Modern Adirondack Lake Home

oseetah lake color renderingThe design for Jim and Regina’s home on Oseetah Lake (connected to lower Saranac Lake in NY) is affectionately referred to as a modern take on Adirondack style architecture. Oseetah Lake is well-known for paddling and fishing, as it has a mean depth of 3 ft. This build site is one of nine lots on a 500 acre privately owned natural preserve around the lake. The home will be situated on a small swale off a ridge with lake views.

The couple referenced both contemporary and traditional mountain style architecture as they described their vision to our team. Adding to our road map for design was their design questionnaire – one of the most thoroughly completed we have ever received. These questionnaires are an invaluable tool when we’re beginning the design process.  Many thanks to Jim and Regina for sharing their time and attention to detail!

Oseetah lake timber frame View 7The resulting first draft plan is very open with with overlapping living spaces. The form of the home calls for opposing sweeping lines in a contemporary, ‘lighter’ timber frame full of natural light and lake views.

Oseetah lake 3D View 6Starting with the entry the home shrugs tradition with a “void” of space rather than an outreaching covered porch. Immediately upon entering, the plans call for a 90 degree turn that open to lake scenery and, as one steps further in, it becomes capacious, with clear volumes to upper level. Planning focused on eliciting views and letting the space grow as one progresses deeper within the home.

Oseetah Lake interior 3D View 8In total the home is about 2,650 sq ft. It will primarily be a two-person residence as the couple enters a ‘work from home, transitioning to retirement’ phase of life. A full-time home office will occupy a ‘tower’ and provide space for various work and play interests. For visiting guests, there are two guest bedrooms and a few spaces that could serve as additional accommodations when the house is full.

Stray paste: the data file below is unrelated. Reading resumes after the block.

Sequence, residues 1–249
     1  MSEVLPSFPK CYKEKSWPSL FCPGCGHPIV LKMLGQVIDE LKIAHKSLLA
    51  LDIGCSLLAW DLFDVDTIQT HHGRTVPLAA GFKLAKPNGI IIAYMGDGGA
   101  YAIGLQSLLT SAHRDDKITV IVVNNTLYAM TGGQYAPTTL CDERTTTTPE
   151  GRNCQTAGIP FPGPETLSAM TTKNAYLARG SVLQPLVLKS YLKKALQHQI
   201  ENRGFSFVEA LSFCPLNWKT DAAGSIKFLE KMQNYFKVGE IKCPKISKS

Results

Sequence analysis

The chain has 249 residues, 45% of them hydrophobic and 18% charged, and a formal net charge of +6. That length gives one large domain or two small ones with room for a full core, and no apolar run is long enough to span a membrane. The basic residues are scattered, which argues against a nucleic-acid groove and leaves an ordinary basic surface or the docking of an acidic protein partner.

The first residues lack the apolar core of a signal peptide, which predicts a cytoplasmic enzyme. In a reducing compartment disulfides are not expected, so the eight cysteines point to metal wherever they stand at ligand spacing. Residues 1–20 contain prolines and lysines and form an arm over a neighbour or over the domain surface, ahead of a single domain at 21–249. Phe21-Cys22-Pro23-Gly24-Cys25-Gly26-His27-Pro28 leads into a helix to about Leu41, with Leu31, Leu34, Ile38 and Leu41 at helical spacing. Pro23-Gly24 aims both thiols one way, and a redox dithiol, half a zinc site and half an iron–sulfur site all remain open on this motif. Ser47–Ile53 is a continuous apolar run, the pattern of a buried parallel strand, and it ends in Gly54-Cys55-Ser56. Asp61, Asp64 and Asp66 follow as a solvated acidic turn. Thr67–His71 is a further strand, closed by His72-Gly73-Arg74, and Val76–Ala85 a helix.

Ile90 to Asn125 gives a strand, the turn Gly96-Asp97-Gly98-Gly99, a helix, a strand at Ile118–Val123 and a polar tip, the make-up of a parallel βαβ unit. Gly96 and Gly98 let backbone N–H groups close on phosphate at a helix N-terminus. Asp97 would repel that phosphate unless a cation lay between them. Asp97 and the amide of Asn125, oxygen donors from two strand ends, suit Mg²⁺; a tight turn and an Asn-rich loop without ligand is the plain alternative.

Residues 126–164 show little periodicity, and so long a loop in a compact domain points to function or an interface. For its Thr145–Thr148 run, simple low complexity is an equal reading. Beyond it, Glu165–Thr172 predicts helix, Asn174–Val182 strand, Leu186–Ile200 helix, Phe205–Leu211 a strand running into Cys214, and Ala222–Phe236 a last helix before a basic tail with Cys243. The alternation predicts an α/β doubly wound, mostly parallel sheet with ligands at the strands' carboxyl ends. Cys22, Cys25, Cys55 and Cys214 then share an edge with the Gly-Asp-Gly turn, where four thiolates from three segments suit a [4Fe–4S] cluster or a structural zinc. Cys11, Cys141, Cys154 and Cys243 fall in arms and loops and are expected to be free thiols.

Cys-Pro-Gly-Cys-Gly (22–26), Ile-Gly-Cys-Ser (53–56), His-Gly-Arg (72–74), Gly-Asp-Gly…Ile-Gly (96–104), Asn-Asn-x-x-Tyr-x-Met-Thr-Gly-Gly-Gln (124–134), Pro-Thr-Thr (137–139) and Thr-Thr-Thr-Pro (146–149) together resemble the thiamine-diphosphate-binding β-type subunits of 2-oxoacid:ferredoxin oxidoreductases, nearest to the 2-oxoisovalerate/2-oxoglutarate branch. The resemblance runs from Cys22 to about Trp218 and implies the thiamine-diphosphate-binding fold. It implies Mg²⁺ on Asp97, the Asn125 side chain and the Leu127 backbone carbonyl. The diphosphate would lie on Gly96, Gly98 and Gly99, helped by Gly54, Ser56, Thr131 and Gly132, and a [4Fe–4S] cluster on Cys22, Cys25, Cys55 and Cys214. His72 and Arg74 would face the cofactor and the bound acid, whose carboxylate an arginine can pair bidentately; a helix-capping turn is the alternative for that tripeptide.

Oseetah Lake sat imageJim and Regina are avid outdoors people and, of course, enjoy paddling. Approximately half the lower level of their home will provide storage for outdoor gear and paddle needs. There will be space for several water vessels with walk-out access to the lake.

It is always a privilege to work with homeowners to help bring their dream projects to fruition. We’ve passed through the beginning Schematic Designs with Jim and Regina and we’re excited to see their home continue to take shape and evolve through each step of the design process.

Out on a Limb

Home & Design featured one of our East Coast timber frame homes in a recent edition of their magazine. Architect Mark Kohler ‘went out on a limb’ and purchased five acres of land in Woodbridge, Virginia after visiting a client’s job site in 2001. The Kohlers envisioned a rustic retreat crafted from natural wood, stone, and glass. When Mark’s drawings were near completion, he reached out to us to supply Douglas fir timber framing and reclaimed antique heart-pine flooring (from Pioneer Millworks) for the house. Mark stated,”You associate timber framing with vacation homes in Colorado. It adds to the character and warmth.”

Read Home Design’s take on the project below.

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Find the Beetle: Residential Car Barn, Great Falls, VA

This week, our beetle was in Great Falls, VA assisting in raising a residential timber frame car barn. The 100′ x 60′ glulam king post structure will have a SIP roof enclosure with some beams that stretch over 64′. The material is Douglas fir glulams, conventionally kiln dried to create 60′ open span trusses. So far, there have been six purlin assemblies and the first four bents are erected.

Our West Coast timber frame champion Mike informed us that the starter bent truss weighed over 11,000 pounds and it was lifted without any struggle. It was “a thing of beauty”.

The architects of this project are Anderson Cooper Group Architects and Ehlert Bryan. The builder is BOWA Builders, Inc.

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Net-Zero Timber Frame Homes

Timber frames express structure as craft. We love that. They are also a natural fit for energy saving designs. This is great for the Earth and for money-saving empathies. We’ve challenged ourselves to achieve Net-Zero in energy use, or as close to it as we can get, for every project without compromising design.

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Prototyping Beyond the Barriers with hsb3DPrinting

We recently teamed up with hsbcad and hsblabs to experiment with their new add-in for Autodesk® Revit® – hsb3DPrinting. The program enables you to decompose a Revit building model into logical, scaled elements, print them on a standard 3D printer, and then assemble the model by clicking or gluing the elements together. Here are the results of one of our residential projects in Central New York:

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